"OMG your work really speaks to me!!!"

Ummmm…naaaaaahhhhh, I’m still not gonna Netflix it. But someone recommended The Machinist to Eric today, anyone know if that’s any good?

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3 thoughts on “Lost character?

  1. Thanks a lot, Jenny. I’m glad that my stuff comes across as just honest emotion, because it is. I appreciate your support. And I wish you the best as well as you find an audience for your own honest art. =)

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  2. Haha, great caption to that pic!

    Totally feel ya regarding unwarranted presumptuous advice from people who you don’t really have good reason to listen to. I just want to able to be myself and let my voice through my work impact and get responses from people who I would WANT to respond to it. I don’t want to be insincere and pander to people I have no interest in and their ilk. And I try not be a hypocrite and go around being pushy with my opinions to other artists unless I’m asked. I figure everyone is going to do what they please, as they should, and if I think it sucks, then it’s just not for me.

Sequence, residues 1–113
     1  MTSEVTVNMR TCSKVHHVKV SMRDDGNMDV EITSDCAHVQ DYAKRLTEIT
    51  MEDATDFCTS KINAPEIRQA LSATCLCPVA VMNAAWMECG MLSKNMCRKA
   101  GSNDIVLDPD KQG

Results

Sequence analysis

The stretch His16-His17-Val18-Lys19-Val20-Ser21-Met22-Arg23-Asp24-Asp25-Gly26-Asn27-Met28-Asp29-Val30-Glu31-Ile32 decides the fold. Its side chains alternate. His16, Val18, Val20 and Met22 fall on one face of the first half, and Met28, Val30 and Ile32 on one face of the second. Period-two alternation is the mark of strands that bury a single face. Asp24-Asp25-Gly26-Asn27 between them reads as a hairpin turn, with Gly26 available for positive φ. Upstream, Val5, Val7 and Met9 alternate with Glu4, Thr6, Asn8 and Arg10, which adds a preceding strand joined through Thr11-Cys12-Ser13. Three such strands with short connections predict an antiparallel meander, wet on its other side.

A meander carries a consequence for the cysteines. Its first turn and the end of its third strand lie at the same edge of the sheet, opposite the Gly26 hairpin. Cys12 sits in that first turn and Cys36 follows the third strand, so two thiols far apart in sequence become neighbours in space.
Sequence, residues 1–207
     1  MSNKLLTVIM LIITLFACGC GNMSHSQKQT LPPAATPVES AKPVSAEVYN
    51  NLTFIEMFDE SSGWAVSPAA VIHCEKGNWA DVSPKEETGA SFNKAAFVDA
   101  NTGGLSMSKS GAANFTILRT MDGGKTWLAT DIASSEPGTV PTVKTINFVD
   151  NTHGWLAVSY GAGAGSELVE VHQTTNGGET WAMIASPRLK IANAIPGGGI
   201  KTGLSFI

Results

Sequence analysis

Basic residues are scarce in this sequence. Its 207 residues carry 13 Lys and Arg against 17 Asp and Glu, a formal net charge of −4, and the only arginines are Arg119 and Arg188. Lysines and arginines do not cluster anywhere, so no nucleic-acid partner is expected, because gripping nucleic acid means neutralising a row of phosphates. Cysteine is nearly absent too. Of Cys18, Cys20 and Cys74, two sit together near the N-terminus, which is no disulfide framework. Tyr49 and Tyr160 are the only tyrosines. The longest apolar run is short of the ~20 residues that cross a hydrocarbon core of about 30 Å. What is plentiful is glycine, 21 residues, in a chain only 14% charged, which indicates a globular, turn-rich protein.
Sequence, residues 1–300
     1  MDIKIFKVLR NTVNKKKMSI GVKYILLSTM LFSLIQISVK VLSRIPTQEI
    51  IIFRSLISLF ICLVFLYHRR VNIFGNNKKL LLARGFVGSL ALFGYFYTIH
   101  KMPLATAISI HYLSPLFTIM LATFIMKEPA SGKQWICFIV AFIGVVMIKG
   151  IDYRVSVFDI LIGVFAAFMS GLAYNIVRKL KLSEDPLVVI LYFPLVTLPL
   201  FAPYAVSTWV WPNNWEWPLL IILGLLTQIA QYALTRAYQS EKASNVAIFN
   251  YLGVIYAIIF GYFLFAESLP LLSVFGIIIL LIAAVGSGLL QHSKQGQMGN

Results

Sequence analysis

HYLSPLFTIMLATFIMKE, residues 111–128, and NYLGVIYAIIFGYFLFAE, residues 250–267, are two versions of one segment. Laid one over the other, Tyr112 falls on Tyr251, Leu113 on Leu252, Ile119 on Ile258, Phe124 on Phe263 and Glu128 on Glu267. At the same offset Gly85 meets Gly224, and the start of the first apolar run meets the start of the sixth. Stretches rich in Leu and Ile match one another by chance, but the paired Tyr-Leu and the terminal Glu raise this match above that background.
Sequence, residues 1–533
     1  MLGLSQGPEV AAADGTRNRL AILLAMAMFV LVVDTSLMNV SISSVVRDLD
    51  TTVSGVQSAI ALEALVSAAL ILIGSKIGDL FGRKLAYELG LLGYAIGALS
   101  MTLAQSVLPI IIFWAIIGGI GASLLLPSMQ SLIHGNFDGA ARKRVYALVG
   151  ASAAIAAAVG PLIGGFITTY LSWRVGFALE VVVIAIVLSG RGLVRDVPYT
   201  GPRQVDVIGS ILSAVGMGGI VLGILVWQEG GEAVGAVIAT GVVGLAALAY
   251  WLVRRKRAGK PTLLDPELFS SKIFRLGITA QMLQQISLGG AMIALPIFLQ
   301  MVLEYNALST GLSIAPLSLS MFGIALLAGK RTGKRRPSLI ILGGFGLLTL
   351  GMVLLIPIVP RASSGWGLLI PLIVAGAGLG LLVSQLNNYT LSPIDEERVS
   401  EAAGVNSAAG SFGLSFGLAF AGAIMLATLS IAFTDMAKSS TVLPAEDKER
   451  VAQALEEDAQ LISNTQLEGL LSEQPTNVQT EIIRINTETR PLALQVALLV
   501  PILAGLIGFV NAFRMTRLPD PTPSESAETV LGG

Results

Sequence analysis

Actually, I was wondering if you had any constructive criticism of my work, or advice for me as a young artist. And I’m totally receptive to any honest negative criticism. I live in a small town with a fairly bland art scene, and definately no zine or comix scene whatsoever. My only interraction with people actually part of these scenes is through interaction such as this online and through mail. So I kind of work within a vacuum (and my stuff’s so introspective as is). So there’s not much audience for what I do, and it’s ambiguous how much is people just not “getting it”, or me failing to create something interesting. I just need to get it out there and get responses at this point, y’know? How do you not sell out but still find an audience? How does one maintain dedicated to their own visions without getting stuck in a self-important rut? Anything you feel like offering would be appreciated. You can respond here or send an email if you want.